Our family is part of a new church plant in our community. Our pastor has asked Steve and I to take the lead on global missions for our church.
We have been doing massive amounts of reading and learning the best approach and models to follow when stepping into a project in a developing country. We have made connections with people running organizations and have continued those relationships. The information we have taken in has been eye opening, overwhelming, interesting and for the most part has caused our views and our understandings to be the opposite of how we use to think. It's been very humbling to say the least.
We hope to educate others through all that we have learned. (Disclaimer: we do not know everything and will not ever know everything but our hope is that others will be intrigued enough to learn along with us.)
I'm writing this blog post today to share one piece of advice with you. And that is, unless you are willing to sell all of your possessions yourself, pick up and move your family to a developing country, support those who have made the LONG TERM commitment to serve in a different culture.
According to David Platt's "Radical Together", there are over 10,000 people groups in the world. And today, there are still 6,000 people groups that have not heard the Gospel.
Ideally, the work of spreading the Gospel is less costly through indigenous people. However, in many areas of the world, the Gospel has to be brought there first. Then the indigenous people need guidance and discipling, which can take years.
Many people are confused and don't understand the work of missionaries. I believe that the #1 reason why some are skeptical is that we live in a culture of wanting quick results. We want to see the fruit of the labor now.
Most of us have heard the stories of missionaries living in areas for decades, maybe even are martyred and only a few come to Christ. This is quite the price to pay and a lot of time invested. But someone has to do it! And just because it is a difficult culture to convert, doesn't mean we walk away.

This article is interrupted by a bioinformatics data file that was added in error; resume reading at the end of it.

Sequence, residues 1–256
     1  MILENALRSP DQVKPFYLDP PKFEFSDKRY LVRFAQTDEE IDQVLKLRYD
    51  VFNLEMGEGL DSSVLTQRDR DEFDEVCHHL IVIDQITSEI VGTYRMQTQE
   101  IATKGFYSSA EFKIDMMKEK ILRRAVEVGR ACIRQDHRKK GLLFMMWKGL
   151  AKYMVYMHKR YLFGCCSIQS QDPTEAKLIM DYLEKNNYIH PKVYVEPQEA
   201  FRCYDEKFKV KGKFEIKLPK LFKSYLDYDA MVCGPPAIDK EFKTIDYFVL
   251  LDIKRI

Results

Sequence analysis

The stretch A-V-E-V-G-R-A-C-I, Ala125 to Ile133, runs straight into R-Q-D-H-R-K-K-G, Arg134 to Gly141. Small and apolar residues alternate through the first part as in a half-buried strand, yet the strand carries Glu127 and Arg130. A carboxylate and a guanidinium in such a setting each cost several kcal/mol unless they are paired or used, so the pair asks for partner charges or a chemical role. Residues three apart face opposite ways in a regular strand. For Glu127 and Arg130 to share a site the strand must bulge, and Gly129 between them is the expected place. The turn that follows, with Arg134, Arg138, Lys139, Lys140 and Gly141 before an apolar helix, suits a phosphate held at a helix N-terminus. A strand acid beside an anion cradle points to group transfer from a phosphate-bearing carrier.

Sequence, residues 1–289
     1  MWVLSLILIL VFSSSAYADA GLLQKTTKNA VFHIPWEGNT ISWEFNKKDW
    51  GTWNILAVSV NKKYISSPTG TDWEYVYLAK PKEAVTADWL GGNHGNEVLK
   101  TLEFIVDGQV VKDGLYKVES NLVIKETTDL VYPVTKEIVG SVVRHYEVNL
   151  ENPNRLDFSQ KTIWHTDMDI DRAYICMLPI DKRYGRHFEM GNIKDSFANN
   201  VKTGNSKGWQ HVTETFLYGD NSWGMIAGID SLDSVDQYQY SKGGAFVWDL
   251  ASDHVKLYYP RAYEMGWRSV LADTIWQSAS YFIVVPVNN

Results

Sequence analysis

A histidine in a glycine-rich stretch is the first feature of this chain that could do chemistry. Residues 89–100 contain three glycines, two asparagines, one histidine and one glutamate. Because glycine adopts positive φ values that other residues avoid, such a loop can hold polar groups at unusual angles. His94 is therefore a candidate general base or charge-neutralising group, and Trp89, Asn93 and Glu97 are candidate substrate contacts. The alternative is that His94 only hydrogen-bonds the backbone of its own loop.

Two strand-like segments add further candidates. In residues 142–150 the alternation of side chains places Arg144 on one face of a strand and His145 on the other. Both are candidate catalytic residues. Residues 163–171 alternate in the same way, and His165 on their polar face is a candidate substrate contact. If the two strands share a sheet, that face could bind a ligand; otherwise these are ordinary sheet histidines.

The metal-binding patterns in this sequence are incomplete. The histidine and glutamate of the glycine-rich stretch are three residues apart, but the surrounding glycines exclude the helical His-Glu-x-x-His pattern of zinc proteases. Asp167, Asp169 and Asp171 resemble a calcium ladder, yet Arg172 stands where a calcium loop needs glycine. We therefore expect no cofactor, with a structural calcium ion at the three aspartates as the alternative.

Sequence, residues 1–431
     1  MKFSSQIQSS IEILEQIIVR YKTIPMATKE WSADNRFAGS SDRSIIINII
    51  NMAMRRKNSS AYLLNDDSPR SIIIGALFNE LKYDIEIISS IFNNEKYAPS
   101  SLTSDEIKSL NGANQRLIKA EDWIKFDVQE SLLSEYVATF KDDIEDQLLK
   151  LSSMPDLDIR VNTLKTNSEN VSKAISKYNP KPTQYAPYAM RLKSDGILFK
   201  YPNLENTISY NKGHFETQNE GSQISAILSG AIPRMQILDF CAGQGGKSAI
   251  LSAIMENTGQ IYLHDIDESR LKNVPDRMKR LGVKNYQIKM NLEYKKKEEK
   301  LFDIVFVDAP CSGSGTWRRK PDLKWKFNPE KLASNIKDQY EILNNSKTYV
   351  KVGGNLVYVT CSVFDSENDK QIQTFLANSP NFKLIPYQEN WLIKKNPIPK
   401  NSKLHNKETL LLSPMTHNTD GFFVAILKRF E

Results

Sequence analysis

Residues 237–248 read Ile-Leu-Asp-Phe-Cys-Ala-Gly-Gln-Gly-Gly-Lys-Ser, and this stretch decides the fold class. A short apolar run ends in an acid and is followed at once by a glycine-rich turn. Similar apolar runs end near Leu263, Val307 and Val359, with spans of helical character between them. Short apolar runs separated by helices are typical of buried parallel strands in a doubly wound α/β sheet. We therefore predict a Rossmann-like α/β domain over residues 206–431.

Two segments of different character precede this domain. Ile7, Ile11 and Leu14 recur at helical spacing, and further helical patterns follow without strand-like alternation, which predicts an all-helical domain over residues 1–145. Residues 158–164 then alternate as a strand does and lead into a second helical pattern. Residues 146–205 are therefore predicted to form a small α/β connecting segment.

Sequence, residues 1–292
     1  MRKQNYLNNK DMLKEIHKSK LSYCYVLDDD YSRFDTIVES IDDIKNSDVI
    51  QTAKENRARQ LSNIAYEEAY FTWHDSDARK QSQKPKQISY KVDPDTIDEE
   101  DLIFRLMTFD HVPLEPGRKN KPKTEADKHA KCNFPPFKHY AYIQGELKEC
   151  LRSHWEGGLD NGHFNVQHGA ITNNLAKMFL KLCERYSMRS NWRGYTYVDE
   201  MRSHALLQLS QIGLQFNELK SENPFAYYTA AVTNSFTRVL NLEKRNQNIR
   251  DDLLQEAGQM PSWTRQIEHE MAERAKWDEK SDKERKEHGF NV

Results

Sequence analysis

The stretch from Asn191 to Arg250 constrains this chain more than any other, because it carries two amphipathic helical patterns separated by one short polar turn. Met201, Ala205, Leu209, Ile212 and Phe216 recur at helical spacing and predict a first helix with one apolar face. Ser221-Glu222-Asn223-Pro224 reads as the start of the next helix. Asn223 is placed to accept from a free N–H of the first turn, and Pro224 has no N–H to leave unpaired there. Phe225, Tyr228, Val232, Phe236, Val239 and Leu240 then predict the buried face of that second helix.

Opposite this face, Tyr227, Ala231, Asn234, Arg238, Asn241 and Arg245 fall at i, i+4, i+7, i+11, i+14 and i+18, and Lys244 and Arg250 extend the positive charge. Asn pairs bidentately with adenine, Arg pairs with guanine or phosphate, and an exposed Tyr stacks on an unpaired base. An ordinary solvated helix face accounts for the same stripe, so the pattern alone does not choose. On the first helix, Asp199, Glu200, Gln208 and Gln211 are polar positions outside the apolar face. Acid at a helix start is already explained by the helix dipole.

I personally know missionaries who are serving in parts of the world where there is civil war and lots of unrest. They may be there for several years before they lead ONE person to the Lord.
Discipling takes time. Back in the US, we want to hear reports about how many orphanages are being supported or how many churches are being built but the only thing that missionaries may be building is relationships. To us back home, sometimes hearing about the relationships isn't enough for us. We measure progress in numbers: How many people have they saved? How many children attended VBS? How many orphans did they feed this month?
If we measure progress by material goods or by numbers, we will be disappointed in the progress our missionaries are making. When we allow ourselves to become disappointed, we tend to judge the work God has given them, thus we sometimes walk away from those who are truly doing God's work.
One question I hear consistently is "Why is this missionary family living in a decent house?" Another common question I hear is "Why do they need a $40,000 vehicle to drive?" AND "If they are living in a developing country, why does it cost so much to support them?"
These are questions that I used to ask myself. But over time, my questions have been answered. For one, I know that vehicles are far more expensive than what we pay in the US. And, road conditions are such that unless you own a 4 wheel drive, you can't get anywhere.
Missionaries to developing countries in particular, most often move across the ocean, away from friends and family, immerse themselves into another culture, learn a new language, minister in unfamiliar surroundings and face uncomfortable and sometimes dangerous situations. How much more uncomfortable do we want our missionaries to live? Are our missionaries also suppose to go without transportation and live in a hut without running water?
Are you questioning the work of missionaries you support? Get to know them better. We have 3 sets of friends who are living as missionaries in developing countries. All will be in the US for the next few months on furlough. I plan to meet with them, spend some time with them and ask them many questions. My goal is to learn more about the work God has assigned each family, ask God for discernment and let the Holy Spirit direct our family's giving from there.
So, when you are deciding on whether your financial support is being channeled the best way possible to further His kingdom, get to know the missionaries you support. Meet with them when they are back on furlough, get to know their hearts. Ask lots of questions and really get a good understanding of the purpose they are serving.
Never judge the work of a missionary. Don't look for immediate fruit especially in situations where it could take decades for hearts to change. The work of missionaries is complicated and often times messy work. They deserve our support and encouragement.